Inside Spencer: The KSRL Blog

African American Photograph Album: How to Process?

In order to make manuscript collections available to researchers, we have to describe what we have so they know whether it is of interest or not. Typically archival description provides information about what is in the collection itself, as well as some contextual information to aid researchers in understanding more about why materials may be in the collection—a biographical note or administrative history of the creator of the collection, for example, or information about how Spencer acquired the collection. This additional information may come from the collection itself—the creator handily leaves a copy of their resume in their files, or the organization has created annual reports that provide some historical information about them. It can also come from external sources, such as websites and materials the creator and/or donor provided the curator when transferring the collection to Spencer, including notes the curator took when discussing the collection with the donor.

Sometimes, particularly with photographic collections that have little to no textual material donated with them, processing staff have very little to go on when creating a finding aid to help researchers. Take, for example, a collection of cabinet cards and tintypes that had been assembled into a photograph album. These photographic images are beautiful, posed portraits of African Americans in late 19th-century eastern Kansas—but we have very little external information about these images. We’re not even sure how we acquired this collection, or the story behind the creation of the photograph album. If any portrait is identified with a name, it’s hidden on the back, and we haven’t taken the album page package apart, even if the album overall was disbound due to its severe deterioration.

Photograph of a family group

Family group, circa 1890s? African American Photograph Collection.
Call Number: RH PH 531. Click image to enlarge.

In this kind of situation, we provide what information we can. We can describe simply at the collection-level, or we can attempt to describe at the file or individual item level, but those descriptions will necessarily be generic: “Tintype of a soldier in a Civil War-era uniform.”

Tintype of a soldier in Civil War-era uniform

Tintype of a soldier in a Civil War-era
uniform, circa 1880-1900.
African American Photograph Collection.
Call Number: RH PH 531. Click image to enlarge

We can also provide rough date estimates for when the portraits were made, based upon the clothing worn by the sitters and upon the photographic processes used.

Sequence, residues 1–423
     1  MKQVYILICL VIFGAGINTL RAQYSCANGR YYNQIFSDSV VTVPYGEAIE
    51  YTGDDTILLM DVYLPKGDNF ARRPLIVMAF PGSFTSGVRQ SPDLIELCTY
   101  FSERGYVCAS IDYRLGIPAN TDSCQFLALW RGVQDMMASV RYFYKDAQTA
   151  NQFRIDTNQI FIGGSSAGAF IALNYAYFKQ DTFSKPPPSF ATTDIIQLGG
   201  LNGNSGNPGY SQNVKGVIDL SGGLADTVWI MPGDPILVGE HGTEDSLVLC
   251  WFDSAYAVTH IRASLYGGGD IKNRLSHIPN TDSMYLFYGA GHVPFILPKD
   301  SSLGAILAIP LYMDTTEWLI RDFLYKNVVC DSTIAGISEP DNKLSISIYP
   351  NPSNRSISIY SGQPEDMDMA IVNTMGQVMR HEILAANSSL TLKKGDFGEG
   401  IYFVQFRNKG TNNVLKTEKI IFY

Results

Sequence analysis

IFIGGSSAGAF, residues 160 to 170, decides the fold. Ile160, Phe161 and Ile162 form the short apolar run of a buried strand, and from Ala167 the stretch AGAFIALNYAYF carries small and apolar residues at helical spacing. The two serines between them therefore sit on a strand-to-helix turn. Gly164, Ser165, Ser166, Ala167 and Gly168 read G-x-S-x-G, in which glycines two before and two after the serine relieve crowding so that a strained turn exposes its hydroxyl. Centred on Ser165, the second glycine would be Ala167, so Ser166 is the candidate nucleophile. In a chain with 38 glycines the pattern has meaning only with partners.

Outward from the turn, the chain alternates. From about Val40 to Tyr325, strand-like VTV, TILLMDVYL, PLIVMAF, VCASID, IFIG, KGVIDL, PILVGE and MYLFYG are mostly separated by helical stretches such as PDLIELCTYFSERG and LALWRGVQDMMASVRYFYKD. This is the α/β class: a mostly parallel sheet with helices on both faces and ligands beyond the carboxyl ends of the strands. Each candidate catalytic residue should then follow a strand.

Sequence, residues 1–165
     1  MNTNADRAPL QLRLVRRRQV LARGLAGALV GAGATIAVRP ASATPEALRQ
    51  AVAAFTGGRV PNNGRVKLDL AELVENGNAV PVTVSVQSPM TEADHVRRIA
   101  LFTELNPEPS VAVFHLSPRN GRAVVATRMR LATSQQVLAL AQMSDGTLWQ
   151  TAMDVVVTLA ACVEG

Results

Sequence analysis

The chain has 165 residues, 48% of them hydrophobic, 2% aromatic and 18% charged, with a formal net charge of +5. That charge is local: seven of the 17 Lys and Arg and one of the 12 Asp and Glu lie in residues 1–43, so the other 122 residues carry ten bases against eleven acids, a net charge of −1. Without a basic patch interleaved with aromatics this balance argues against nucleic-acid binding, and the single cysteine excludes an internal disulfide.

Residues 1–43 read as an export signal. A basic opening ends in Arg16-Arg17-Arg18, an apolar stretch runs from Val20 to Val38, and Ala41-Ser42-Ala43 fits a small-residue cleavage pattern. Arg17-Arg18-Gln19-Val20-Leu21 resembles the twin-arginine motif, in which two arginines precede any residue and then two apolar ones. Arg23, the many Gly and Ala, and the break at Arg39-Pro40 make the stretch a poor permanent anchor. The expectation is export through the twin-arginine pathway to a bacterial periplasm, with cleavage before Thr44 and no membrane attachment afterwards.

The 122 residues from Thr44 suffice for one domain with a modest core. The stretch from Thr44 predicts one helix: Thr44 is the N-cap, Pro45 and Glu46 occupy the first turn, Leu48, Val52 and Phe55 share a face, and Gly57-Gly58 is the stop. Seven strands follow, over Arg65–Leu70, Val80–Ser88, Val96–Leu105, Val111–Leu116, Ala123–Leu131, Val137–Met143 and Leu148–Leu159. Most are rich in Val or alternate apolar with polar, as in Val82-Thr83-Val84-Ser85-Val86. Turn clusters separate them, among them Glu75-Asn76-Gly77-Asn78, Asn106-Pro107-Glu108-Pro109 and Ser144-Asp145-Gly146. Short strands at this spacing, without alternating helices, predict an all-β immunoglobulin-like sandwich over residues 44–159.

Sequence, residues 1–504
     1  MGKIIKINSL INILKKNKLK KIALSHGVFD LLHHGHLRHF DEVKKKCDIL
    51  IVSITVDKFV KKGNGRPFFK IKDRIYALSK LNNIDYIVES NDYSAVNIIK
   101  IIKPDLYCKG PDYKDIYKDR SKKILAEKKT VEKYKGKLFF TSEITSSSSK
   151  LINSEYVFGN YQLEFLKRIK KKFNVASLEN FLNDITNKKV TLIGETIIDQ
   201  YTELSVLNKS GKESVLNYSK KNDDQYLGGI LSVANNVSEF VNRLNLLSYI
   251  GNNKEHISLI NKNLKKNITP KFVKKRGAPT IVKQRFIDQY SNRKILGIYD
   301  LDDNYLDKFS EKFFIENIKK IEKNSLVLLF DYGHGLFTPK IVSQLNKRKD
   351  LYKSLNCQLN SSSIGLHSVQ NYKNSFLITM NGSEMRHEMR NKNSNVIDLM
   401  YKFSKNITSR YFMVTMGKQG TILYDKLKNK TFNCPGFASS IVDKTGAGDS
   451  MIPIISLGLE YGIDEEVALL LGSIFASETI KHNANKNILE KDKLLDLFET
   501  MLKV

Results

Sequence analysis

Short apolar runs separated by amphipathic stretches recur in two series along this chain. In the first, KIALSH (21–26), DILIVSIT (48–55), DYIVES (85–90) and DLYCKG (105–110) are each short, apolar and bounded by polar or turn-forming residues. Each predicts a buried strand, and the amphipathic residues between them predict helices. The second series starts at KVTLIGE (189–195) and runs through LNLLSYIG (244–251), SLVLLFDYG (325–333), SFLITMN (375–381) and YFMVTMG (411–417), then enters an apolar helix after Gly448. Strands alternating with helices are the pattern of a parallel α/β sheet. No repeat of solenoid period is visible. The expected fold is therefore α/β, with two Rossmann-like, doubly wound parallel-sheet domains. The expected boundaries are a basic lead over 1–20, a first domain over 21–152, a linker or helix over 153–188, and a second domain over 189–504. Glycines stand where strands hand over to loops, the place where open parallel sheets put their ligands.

Photograph of an unknown woman

This woman’s overskirt—draped at the back of her dress
helping to create a bustle—tightly-fitted sleeves with cuffs,
and fitted basque-type bodice all indicate her photograph
was probably taken around the mid-1880s. African American Photograph Collection.
Call Number: RH PH 531. Click image to enlarge.

Photographers’ names, often provided on the bottom of cabinet cards and cartes de visite—think about watermarks on professionally-made digital photographs in the 21st century—also provide clues about where and when a collection is from. The photographers found in this collection mostly appear to come from Topeka, Kansas, with some also from Atchison, Lawrence, and perhaps other towns in the eastern part of the state.

Photograph of an unknown woman

The text under the image indicates it was taken by F. F. Mettner,
photographer of Lawrence, Kansas. Also notice the girl’s giant
leg o’mutton sleeves; this style was quite popular in the mid-1890s.
African American Photograph Collection. Call Number: RH PH 531. Click image to enlarge.

There are many decisions that go into processing a collection like this: Do we take apart the individual album pages to see if we can find more identifying information? Do we leave as is because this was how the images were intended to be seen (and who knows if anybody wrote anything on the back anyway)? Do we describe at a detailed level when we cannot provide names, or are we content with providing a simple collection-level description and hope that researchers are able to realize there may be a treasure trove from that collective description?

Photograph of an unknown gentleman

Who is this gentleman? If we knew his name,
what other information could it provide?
African American Photograph Collection.
Call Number: RH PH 531. Click image to enlarge.

No matter what we choose to do, archival description cannot capture the beauty of the women’s and children’s dresses and men’s suits—the sitters no doubt wearing their Sunday finest—the personalities that peek through even these stiffly posed studio portraits, the stories that may be hiding in the pictures themselves.

Photograph of an unknown woman

Portrait of an unknown woman, circa 1880-1900.
Marcella is especially fond of this photograph.
African American Photograph Collection.
Call Number: RH PH 531. Click image to enlarge.

If you have any information about any of these images, or others in the collection, we would be happy to add that information to the finding aid. To request to use the collection, contact Public Services staff at ksrlref@ku.edu. To provide more information about the collection, please also contact our African American Experience field archivist, Deborah Dandridge, at ddandrid@ku.edu.

Marcella Huggard
Manuscript Processing Coordinator

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